Not everything about the car industry is doom and gloom in 2020. British EV conversion specialist Lunaz has doubled the workforce and introduced a new model for 2021.
Having started building the world's first electric classic Rolls-Royces for those who want timeless style mixed with the latest electrified powertrains, it's now offering what it claims is the world's first fully electric, convertible SUV...
Joining the $600,000+ 1960s Rolls-Royce Phantom V or Silver Cloud in their catalogue, a fully restored, electrified and retrimmed original Range Rover is available from $450,000 - plus taxes, of course.
Like the Rolls Royce range, you can pick from four-doors, with long wheelbase optional, two-doors and even a convertible.
Lunaz has already established a sustainable business converting classic Bentleys and Jaguars at its Silverstone base near the famous F1 circuit, and claims to have been first to convert old Rolls-Royces. Now it's claiming the first fully-electric SUVs, too - retaining the 4x4 system of the Range Rover.
It's not exactly a ground-breaking price that'll transform the market, but for $450,000 a fully restored, electrically-powered Range Rover is Lunaz's most rational product yet.
Not only is the original Range Rover a trendsetting legend that established a template for what many consider to be the epitome of luxury cars now - height and dominance over the road and countryside alike - it's a great model for sustainable motoring, with lightweight aluminium panels, a bolt-on approach to maintenance and proven track record of repairability and accessibility that classic Rolls-Royce and Bentley models lack.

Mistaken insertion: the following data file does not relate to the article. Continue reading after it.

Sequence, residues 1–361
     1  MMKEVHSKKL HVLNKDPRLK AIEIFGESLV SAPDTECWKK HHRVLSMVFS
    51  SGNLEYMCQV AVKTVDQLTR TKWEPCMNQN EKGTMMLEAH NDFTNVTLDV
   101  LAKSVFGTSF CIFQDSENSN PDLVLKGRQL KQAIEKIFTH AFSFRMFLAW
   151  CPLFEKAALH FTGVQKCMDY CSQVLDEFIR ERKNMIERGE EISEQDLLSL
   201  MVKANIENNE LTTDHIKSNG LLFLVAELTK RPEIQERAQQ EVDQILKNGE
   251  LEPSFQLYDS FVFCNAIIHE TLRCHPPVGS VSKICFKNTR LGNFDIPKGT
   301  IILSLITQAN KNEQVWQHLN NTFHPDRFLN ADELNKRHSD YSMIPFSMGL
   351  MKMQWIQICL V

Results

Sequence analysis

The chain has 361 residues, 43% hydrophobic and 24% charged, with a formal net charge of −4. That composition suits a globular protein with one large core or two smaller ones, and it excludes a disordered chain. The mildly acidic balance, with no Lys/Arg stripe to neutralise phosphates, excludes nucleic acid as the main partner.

Lunaz converts the Range Rover as part of a bare metal restoration.
It's also not that unrealistic a price, given the values of even ropey Range Rovers are heading skyward and a full nut and bolt restoration isn't a cheap undertaking - even without the EV conversion. Better yet, you can hope that the donor cars are mopping up the unloved and unwanted, rather than the cherished and rare.
A good example of that is the Safari Top. Rather than seeking out rare converted open-top Range Rovers to electrify, Lunaz is converting models from standard hard-top bodies to create the desired open-air experience. The first one has already sold...
The Lunaz Range Rover comes in two flavours, 'Town', and 'Country'. Town represents something Range Rover never built itself - a two-wheel drive, passenger-focused experience with luxurious rear seating (choose the long wheelbase) and the option to really go to, er, town on the luxury appointments. Simplifying the drivetrain helps range, of course, but it also reflects the anticipated use of these as a city-centric vehicle.
The Country model offers all the benefits of a classic Range Rover, with a rebuilt - but authentic - four-wheel drive system on the single-motor model, or a motor per axle on the twin-motor setup. Details have yet to be released around performance, but we can assume it'll be quick, tractable and capable off-road given the original drivetrain beyond the motor isn't being altered significantly. Anti-roll bars improve the handling.